SBTC Executive Board honors Richards,

CORPUS CHRISTI?The Southern Baptists of Texas Executive Board celebrated the five-year mark of the convention in its regularly scheduled meeting the morning after the SBTC’s sixth annual meeting, electing new officers, approving job responsibility shifts for three ministry staff members and welcoming a new ministry associate.

Steve Cochran, pastor of Macedonia Baptist Church in Longview, was unanimously elected board president. The board elected Joe Stewart, pastor of First Baptist Church, Littlefield, as vice chairman, and Sally Tillman of Exciting Immanuel Baptist Church in El Paso, as board secretary, both unanimously.

The board also recognized Jim Richards, SBTC executive director, for five years of leading the convention by presenting him with a book of letters and photos.

“Not very often do words fail me, but this is one of those times,” Richards remarked. “I am absolutely humbled by your graciousness and the expression of love that you have shown, not only this morning but also during the last five years.

“It’s been a tremendous journey, it’s been an incredible journey. And it would not have been possible had it not been for the pastor of the little church out in the country, the layman who was willing to take of his resources, the lady who was willing to pray, and all of those faithful Bible-believing, Christ-honoring Southern Baptists of Texas who said we need to have a ministry in this state. It’s because of them.”

Richards said he was given the opportunity to “raise the banner” and is thankful for those who have prayed for him and for the SBTC, adding he hopes others will continue to pray. He also thanked the SBTC ministry and support staff for its faithfulness, as well as the Executive Board for its support and vision for ministry.

“May the next five years be even greater than what we’ve experienced in these first five years,” Richards said.

The board approved the following staff reassignments: Robby Partain, from missions and evangelism senior associate to director of missions, beginning Jan. 1; Casey Perry, from director of minister/church relations to area ministry coordinator, effective Jan. 1; and Deron Biles, from minister/church relations associate to director of minister/church relations, effective Jan. 1.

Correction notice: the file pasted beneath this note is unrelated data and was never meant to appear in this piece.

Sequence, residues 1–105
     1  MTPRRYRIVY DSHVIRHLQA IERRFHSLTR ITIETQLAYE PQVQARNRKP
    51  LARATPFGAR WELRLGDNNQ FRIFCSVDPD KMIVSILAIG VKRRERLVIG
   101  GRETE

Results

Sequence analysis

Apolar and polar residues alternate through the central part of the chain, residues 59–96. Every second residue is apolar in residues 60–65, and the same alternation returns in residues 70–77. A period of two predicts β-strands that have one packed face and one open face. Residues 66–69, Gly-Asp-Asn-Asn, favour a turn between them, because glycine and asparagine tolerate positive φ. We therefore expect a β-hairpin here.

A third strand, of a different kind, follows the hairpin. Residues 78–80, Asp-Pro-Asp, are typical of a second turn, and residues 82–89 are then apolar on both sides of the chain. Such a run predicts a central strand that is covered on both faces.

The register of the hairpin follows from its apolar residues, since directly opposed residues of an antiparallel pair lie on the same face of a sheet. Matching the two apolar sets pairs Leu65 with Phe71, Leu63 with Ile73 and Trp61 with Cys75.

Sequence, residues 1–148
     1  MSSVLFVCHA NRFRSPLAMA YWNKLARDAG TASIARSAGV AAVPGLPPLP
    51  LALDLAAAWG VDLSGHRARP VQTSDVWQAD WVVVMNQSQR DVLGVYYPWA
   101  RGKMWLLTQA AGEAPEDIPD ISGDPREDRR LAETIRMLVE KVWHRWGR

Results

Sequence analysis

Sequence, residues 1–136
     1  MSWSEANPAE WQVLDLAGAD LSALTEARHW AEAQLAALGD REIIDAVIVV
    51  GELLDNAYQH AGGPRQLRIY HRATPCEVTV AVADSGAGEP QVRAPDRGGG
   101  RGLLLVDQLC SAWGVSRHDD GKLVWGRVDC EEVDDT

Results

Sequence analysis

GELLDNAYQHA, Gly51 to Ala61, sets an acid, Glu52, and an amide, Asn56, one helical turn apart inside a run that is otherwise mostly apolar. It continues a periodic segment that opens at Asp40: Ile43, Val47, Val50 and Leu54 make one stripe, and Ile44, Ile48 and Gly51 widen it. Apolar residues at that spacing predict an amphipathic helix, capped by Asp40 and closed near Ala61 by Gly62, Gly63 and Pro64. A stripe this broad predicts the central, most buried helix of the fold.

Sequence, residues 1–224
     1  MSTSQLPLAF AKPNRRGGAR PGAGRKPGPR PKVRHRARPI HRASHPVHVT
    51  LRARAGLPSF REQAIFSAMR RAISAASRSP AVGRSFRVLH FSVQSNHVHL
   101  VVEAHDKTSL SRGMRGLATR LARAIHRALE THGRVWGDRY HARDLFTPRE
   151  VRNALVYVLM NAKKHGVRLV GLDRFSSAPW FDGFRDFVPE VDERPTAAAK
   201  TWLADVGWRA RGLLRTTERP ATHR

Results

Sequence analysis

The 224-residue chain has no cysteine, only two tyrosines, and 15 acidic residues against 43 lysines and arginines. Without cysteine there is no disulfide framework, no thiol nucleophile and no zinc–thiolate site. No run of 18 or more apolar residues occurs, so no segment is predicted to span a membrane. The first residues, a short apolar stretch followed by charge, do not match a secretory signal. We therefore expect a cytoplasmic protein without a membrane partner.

Also, the board unanimously called, upon recommendation, Troy Brooks as minister/church relations associate, effective Jan. 1. Brooks is pastor of First Baptist Church, Groesbeck, where he has served since March 1986.

Upon accepting the call, Brooks commented, “Paula and I are deeply saddened at the thought of leaving First Baptist Church of Groesbeck, Texas. They have been our family for the past 18 years, We are, however, greatly excited about working with the Southern Baptists of Texas Convention and her more than 1,380 churches as we partner to reach Texas together.”

Brooks earned his bachelor’s degree at Dallas Baptist University, a master of divinity at Southwestern Seminary and a doctor of ministry from Louisiana Baptist Theological Seminary.

Joe Davis, SBTC chief financial officer, reported to the board that the convention has garnered $1.4 million of net operating revenue through Sept. 30 and estimated that figure to be $1.86 million at year’s end. When reduced by a $492,000 building fund allocation, the figure will be an estimated net operating income of $1.37 million, Davis noted.

“We’ve had a good year, receipts wise,” and “Cooperative Program receipts continue to be strong,” Davis said.

Receipts for Reach Texas, the state missions offering, are $700,299, compared with $672,091 last year, and the Lottie Moon Offering for International Missions yielded $3,509,412, compared with $3,091,775 last year, Davis reported.

The board also approved up to $300,000 in surplus funds to be used for SBTC ministry projects among the convention and its ministry partners. Specifically, the breakdown would be up to $100,000 for the SBTC Hispanic Initiative, up to $25,000 for the 20/20 Connection Project, and up to $75,000 for ministry in partnership with Houston Baptist University. Up to $100,000 was approved for special projects, which likely will involve the establishment of an SBTC foundation to support new ministry projects.

Richards reported that “we are very close” to calling someone to lead the Hispanic Initiative, a stepped-up effort to meet the rapidly expanding Hispanic culture in Texas. “Our desire is to reach the people that God is sending our way,” he noted.

Empower conference to feature Blackaby

Henry T. Blackaby, author of numerous books including the popular “Experiencing God” study, will be among the speakers at the emPOWER Conference, sponsored by the Southern Baptists of Texas Convention, Feb. 9-10 at the Arlington Convention Center.

Blackaby will be among other well-known Christian leaders at the conference?formerly known as the State Evangelism Conference?such as Zig Ziglar, Jack Graham and Larnelle Harris.

Formerly the director of prayer and spiritual awakening at the North American Mission Board of Southern Baptists, Blackaby is president of Henry Blackaby Ministries in suburban Atlanta, an organization he founded in 2001.